The burden of mild cognitive impairment attributable to physical inactivity in Colombia

Gary O’Donovan, I. Min Lee, Mark Hamer, Patricia García-Garro, Claudia Duran-Aniotz, Agustín Ibáñez, Olga L. Sarmiento, Philipp Hessel

Research output: Contribution to journalArticlepeer-review

Abstract

Background: Mild cognitive impairment often precedes dementia. The purpose of this analysis was to estimate the population attributable fraction for physical activity in Colombia, which is the reduction in cases that would occur if all participants were physically active. Methods: The sample included 20,174 men and women aged 70.04 ± 7.68 years (mean ± SD) from the National Survey of Health, Wellbeing and Ageing. Trained interviewers administered a shorter version of the mini-mental state examination and mild cognitive impairment was defined as a score of 12 or less out of 19. Logistic regression models were fitted and population attributable fractions for physical activity were calculated. All analyses were adjusted for age, sex, height, education, income, civil status, smoking, and alcohol drinking. Results: The prevalence of physical activity was approximately 50% when defined as walking between 9 and 20 blocks at least three times per week. Theoretically, 19% of cases of mild cognitive impairment would be eliminated if all adults were to walk (95% confidence interval: 16%, 22%). The prevalence was approximately 20% when defined as taking part in vigorous sport or exercise at least three times per week. Theoretically, 23% of cases of mild cognitive impairment would be eliminated if all adults were to take part in vigorous sport or exercise (16%, 30%). Similar results were observed after removing those who reported mental health problems. Conclusion: Physical activity, whether walking or vigorous sport and exercise, has the potential to substantially reduce the burden of mild cognitive impairment in Colombia.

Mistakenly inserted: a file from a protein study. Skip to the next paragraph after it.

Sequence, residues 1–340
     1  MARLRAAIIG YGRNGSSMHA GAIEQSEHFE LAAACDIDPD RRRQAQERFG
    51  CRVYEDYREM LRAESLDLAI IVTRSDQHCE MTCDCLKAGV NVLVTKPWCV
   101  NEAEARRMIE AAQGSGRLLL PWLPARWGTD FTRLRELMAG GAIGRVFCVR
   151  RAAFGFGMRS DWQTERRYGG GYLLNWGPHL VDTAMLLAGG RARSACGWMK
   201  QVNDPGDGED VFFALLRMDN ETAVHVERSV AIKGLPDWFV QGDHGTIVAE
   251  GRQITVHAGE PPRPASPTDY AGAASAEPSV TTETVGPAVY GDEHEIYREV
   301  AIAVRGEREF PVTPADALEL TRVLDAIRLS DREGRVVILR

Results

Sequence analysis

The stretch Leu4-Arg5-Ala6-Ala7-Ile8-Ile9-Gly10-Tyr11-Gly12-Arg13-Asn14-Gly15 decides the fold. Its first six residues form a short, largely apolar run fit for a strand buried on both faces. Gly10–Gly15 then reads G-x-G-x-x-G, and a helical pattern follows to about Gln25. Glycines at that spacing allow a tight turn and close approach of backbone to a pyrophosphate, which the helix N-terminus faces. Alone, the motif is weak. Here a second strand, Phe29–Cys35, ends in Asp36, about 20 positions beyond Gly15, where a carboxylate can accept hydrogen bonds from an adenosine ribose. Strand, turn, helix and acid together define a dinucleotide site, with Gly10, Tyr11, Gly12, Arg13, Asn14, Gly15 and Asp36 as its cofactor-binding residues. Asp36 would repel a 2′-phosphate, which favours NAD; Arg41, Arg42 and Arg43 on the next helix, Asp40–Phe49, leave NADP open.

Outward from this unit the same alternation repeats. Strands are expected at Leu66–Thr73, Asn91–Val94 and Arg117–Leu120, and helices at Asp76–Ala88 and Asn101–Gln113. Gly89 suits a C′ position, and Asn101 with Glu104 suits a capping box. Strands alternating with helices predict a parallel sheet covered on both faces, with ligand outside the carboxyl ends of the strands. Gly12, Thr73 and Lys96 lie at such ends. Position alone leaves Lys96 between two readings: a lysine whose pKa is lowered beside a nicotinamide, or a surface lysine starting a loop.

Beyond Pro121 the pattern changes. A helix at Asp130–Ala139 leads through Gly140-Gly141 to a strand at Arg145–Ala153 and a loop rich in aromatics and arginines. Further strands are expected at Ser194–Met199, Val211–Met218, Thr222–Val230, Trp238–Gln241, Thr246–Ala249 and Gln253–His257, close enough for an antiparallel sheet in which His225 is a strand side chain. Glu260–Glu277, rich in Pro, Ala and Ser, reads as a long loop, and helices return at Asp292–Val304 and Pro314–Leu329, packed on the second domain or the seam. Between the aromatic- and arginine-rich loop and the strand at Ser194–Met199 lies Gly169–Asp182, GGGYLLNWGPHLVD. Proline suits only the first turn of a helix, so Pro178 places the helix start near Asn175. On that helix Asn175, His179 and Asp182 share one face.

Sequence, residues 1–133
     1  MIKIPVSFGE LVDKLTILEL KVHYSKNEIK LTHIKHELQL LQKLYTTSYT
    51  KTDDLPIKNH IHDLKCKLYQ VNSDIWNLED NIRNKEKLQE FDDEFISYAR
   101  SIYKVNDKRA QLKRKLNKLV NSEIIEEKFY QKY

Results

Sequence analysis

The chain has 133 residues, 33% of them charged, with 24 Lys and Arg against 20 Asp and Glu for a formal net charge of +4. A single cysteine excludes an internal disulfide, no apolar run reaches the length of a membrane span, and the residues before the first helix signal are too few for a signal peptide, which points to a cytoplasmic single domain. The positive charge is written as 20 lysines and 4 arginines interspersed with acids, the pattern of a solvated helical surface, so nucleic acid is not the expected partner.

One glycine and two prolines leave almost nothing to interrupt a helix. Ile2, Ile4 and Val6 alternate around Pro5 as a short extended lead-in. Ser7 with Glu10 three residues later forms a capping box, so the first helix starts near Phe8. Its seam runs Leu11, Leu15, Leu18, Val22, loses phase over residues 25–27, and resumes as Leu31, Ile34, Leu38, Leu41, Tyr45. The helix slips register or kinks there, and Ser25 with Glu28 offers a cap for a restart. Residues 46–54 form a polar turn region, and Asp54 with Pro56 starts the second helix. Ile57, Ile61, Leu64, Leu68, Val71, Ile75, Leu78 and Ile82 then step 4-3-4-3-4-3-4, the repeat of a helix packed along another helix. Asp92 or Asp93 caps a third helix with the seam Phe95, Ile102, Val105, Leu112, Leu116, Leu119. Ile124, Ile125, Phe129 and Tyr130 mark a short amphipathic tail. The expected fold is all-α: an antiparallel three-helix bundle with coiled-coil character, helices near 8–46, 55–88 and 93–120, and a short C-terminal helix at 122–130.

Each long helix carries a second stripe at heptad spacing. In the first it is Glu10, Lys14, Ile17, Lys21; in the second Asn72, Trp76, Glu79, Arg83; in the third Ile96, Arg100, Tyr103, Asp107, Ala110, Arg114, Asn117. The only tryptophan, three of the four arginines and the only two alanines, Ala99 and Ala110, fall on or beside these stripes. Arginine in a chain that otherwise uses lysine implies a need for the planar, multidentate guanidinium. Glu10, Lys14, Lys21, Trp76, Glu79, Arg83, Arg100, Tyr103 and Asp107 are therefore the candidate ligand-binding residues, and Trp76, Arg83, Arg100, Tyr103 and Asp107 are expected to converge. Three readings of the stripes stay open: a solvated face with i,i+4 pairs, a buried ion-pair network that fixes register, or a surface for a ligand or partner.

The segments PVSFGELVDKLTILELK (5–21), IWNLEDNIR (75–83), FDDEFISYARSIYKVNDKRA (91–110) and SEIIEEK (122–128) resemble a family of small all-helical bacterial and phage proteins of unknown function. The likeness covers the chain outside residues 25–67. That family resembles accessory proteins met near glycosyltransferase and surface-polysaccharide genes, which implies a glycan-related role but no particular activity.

Original languageEnglish
Article number28
JournalEuropean Review of Aging and Physical Activity
Volume19
Issue number1
DOIs
StatePublished - Dec 2022
Externally publishedYes

Keywords

  • Cognition
  • Exercise
  • Physical activity
  • Primary prevention
  • Sports

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